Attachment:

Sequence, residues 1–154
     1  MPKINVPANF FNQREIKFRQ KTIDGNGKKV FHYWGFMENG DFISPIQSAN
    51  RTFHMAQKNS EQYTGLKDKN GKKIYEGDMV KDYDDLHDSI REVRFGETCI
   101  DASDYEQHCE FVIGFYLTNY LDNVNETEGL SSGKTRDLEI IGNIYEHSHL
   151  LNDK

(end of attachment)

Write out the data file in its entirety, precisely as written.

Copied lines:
Sequence, residues 1–154
     1  MPKINVPANF FNQREIKFRQ KTIDGNGKKV FHYWGFMENG DFISPIQSAN
    51  RTFHMAQKNS EQYTGLKDKN GKKIYEGDMV KDYDDLHDSI REVRFGETCI
   101  DASDYEQHCE FVIGFYLTNY LDNVNETEGL SSGKTRDLEI IGNIYEHSHL
   151  LNDK